Simply put, a positive cash flow property will help you balance out your expenses and income so that you can make the most of all the tax deductions, boost your offset account and make all the required payments on your loan and credit card.

It also allows you to increase your home loan savings every year because the cost of the investment property will be reduced (as you pay down the loan), and the amount of cash flow you get from the rent will increase.

The other thing to consider about negatively geared properties is that it could take years to start earning money off them. In the meantime, you will have to pay to maintain them, which means you could lose out on many of the financial benefits of the system outlined here and actually end up adding years to the debts you are paying off.

So then the question becomes: how do you find a positive cash flow property?

All kinds of elements can help you make money off your rental property within the first year of owning it, and some of the most common things are outlined below.

Find out your borrow capacity

High Rental Yield

The suburb or region report for the area you want to buy in should give you details of the average rental yield in that area. You can then weigh up this amount against the purchase price of any properties or developments you are considering to see the difference and how long it will take to start earning money (an investment property calculator or investment property consultant could also help with this).

Low Vacancy Rate

Property suburb and region reports should also include details of the vacancy rate for the area looking to buy a rental property. This is written as a percentage to show how many properties are currently empty, so the lower the rate is, the better your chances are of getting tenants in quickly and earning rental income of the property.

Access to Schools and Other Amenities

The location plays a big part in the value of rental properties. Often, the closer you are to landmarks like schools, shops and community service, the more rent you will be able to charge.


Good roads, public transport access and pedestrian and cyclist paths often increase the property’s value, giving you a chance to earn more of your investment.

Affordable Management Fees or Strategies

Keeping property management costs affordable is incredibly important for cash flow and profits. Some investors choose to do this by managing their investment property independently (i.e. finding tenants, keeping up with maintenance etc., on their own), which can keep the costs to a minimum. But most people hire a property manager to deal with the ins and outs of the rental property (especially if it is located elsewhere). If that’s the case, it’s important to negotiate a property management fee that still leaves you with a profit from rent at the end of each month.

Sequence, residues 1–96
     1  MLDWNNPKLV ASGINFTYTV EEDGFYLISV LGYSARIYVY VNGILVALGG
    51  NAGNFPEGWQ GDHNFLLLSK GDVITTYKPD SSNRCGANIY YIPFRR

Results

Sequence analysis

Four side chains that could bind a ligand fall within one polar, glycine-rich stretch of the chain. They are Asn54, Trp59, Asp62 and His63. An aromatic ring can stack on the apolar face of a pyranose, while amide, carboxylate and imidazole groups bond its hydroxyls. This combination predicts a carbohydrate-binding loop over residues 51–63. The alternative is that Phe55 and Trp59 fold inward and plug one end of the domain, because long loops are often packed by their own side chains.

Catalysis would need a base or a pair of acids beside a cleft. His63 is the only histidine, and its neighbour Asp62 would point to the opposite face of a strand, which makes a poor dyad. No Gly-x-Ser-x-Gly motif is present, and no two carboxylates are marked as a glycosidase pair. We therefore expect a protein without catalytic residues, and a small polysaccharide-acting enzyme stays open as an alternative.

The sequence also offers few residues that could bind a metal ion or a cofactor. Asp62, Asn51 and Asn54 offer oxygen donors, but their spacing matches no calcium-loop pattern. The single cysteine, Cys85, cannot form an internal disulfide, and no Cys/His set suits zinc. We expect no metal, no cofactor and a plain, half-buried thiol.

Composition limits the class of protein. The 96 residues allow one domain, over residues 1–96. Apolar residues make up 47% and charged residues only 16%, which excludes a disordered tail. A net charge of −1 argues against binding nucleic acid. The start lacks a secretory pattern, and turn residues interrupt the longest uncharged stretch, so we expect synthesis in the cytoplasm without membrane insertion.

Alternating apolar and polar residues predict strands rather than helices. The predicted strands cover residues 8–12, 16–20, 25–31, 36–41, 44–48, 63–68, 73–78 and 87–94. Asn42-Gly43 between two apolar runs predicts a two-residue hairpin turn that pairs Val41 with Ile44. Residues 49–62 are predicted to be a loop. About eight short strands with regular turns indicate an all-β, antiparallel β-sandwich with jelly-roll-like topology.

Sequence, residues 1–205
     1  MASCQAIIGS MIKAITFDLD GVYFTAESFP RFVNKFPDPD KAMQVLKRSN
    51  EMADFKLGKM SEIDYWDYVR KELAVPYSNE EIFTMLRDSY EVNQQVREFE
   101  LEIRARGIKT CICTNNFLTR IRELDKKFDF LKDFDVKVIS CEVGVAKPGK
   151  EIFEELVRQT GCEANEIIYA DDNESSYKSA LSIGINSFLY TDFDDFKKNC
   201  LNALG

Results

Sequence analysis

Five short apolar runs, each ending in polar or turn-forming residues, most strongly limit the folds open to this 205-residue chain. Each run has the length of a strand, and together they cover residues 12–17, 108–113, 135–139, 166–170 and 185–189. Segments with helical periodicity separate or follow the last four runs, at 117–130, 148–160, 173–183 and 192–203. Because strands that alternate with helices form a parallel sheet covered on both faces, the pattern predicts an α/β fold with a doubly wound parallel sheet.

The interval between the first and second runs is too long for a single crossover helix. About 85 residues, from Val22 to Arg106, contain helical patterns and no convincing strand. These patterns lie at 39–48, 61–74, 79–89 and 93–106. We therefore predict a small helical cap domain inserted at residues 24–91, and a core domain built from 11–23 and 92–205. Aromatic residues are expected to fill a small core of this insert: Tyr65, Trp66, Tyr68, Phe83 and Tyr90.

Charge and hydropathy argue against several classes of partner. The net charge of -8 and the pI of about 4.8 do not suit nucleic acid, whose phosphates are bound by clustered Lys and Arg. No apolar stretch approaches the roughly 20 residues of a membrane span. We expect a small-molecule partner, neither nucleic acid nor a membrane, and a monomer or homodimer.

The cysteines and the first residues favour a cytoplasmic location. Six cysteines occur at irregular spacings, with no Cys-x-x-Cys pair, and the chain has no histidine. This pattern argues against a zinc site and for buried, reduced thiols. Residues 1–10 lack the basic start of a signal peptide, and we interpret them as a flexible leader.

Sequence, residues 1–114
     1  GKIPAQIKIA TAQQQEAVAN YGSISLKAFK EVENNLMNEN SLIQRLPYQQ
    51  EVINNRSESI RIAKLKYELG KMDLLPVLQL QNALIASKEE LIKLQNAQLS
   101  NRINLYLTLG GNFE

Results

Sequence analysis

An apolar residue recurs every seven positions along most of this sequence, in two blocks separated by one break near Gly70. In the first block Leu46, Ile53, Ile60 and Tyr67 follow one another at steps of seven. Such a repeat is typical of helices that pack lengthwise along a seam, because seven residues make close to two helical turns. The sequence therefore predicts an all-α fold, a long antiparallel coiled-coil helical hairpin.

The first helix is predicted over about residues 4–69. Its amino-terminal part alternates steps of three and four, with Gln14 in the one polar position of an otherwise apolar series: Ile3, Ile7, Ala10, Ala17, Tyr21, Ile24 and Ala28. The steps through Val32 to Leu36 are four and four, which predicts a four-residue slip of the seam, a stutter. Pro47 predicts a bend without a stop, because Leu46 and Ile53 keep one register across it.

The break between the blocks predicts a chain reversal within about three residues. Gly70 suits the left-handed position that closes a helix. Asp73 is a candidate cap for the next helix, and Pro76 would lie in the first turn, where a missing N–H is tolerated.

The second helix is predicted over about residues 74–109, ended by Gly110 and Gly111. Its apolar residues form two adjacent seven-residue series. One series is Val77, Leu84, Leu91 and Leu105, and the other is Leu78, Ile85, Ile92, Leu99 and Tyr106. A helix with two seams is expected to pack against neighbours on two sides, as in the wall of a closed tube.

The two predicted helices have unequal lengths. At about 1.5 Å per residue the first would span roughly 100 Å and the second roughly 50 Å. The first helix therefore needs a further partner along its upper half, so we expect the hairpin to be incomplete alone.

The Age and State of the Property

Even with all of the factors above ticked off, the actual state of the property could affect its overall value and rental yield. For example, it could be harder to justify a high rental rate for a rundown house in a good suburb than for a new house or apartment in a good suburb. In fact, a new building in an average suburb could actually be better than an old building in a highly desirable suburb due to the cost of maintenance (older buildings tend to cost more to maintain).

These factors will increase the potential for a positive cash flow investment property, but perhaps the most important thing is information. The more you know about the property and its investment potential, the more likely you are to be able to start earning money off it in the short term and the long term.

For astute property investors, this knowledge often comes through experience,  but professional property investors and consultants can also provide the information and resources you need to help you make a smart investment property purchase. Once you have that cash flow from rent and tax benefits, you can watch the rise in your offset account balance and the fall of the remaining years you have to pay off your home loan


The information contained in the ebook is presented for illustrative and educational purposes only. It is not presented, nor should it be treated as real estate advice, legal advice, investment advice, or tax advice.  Any investment involves risk and potential loss of money. If you require advice in any of these fields, we urge you to contact a suitably qualified professional to assist and advise you.  Your personal individual financial circumstances must be taken into account before you make any investment decision.